A New Battle Over Contraception
The Obama administration made the right call in August when it issued new standards requiring all insurers to cover contraceptives without a deductible or a co-payment, starting next year. The White House now needs to resist pressure from House Republicans, the Roman Catholic Church and other groups out to eliminate or significantly weaken the contraceptives mandate.
The new rules already exempt churches and other religious institutions from having to provide contraceptive coverage for their employees. That is similar to provisions in state laws upheld by the highest courts in New York and California.
Nevertheless, church leaders are calling for an expansive exemption for all employees of Catholic hospitals, charitable organizations, elementary and secondary schools, and colleges and universities. That would, in effect, deny coverage for contraceptives for millions of women who may not be Catholic and may disagree with the church’s stance on birth control.
Some opponents of contraceptives are pushing to allow all employers to opt out of providing contraceptives coverage if it offends their conscience.
The issue was joined last week at a House Energy and Commerce subcommittee hearing called by Representative Joe Pitts, Republican of Pennsylvania, who opposes the mandate. At the hearing, Jon O’Brien, the president of Catholics for Choice, testified that 98 percent of sexually active Catholic women in the United States have used a form of contraception banned by the Vatican.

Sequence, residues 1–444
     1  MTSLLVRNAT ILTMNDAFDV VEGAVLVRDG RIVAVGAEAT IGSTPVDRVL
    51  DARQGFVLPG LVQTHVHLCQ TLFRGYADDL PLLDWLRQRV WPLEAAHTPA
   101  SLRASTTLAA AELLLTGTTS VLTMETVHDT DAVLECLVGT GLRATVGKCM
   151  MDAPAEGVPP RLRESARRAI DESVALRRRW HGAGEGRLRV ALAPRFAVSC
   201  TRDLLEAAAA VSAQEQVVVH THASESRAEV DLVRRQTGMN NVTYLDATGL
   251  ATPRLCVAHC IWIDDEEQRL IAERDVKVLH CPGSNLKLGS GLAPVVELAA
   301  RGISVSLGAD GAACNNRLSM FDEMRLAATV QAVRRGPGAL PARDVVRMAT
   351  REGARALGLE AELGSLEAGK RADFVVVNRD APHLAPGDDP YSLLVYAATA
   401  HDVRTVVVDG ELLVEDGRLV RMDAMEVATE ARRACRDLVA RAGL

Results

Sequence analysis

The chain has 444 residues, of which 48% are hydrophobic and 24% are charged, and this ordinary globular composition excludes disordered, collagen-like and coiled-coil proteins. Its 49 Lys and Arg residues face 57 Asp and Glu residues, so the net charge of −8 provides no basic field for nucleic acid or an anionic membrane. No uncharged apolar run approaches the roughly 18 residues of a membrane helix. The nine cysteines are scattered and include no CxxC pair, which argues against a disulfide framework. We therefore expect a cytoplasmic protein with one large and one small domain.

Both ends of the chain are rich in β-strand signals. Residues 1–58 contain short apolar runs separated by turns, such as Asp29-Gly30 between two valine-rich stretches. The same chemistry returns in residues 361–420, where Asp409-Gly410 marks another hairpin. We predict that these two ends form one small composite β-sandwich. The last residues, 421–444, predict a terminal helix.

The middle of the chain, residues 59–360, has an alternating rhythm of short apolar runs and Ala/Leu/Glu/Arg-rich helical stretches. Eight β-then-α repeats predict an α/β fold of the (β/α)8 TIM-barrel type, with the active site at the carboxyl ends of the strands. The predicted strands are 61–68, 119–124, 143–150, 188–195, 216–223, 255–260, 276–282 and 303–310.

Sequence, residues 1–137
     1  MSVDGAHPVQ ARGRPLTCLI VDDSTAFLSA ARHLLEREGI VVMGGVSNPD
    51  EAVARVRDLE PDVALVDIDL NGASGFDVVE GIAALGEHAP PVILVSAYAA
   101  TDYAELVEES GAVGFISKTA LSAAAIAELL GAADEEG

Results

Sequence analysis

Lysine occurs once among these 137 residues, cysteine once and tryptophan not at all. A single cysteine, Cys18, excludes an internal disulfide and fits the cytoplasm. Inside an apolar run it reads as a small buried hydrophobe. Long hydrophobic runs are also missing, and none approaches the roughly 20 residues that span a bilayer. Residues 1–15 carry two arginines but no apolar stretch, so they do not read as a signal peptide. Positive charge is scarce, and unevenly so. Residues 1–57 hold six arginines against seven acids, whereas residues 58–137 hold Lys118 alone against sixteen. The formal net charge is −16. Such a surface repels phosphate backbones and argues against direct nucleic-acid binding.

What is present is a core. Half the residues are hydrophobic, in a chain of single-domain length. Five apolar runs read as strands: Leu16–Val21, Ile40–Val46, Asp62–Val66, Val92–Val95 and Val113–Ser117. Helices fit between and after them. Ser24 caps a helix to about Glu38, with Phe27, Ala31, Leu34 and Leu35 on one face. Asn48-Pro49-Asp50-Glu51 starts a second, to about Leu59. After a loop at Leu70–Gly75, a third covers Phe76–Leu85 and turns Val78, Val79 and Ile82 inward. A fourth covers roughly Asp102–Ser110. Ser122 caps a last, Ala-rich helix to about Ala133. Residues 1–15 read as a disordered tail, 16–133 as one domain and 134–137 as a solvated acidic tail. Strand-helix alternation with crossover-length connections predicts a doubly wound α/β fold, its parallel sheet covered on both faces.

He criticized the United States Conference of Catholic Bishops for doing the very thing that it wrongly accuses the administration of doing: trying to impede “the religious freedom of millions of Americans” by “taking reproductive health care options away from everybody.”
The administration’s policy on birth control coverage follows the recommendation of the National Academy of Sciences’ Institute of Medicine, which studied the medical facts, including high rates of unintended pregnancy and abortion largely caused by lack of access to birth control. President Obama should stand by the policy.
This article originally appeared in the New York Times.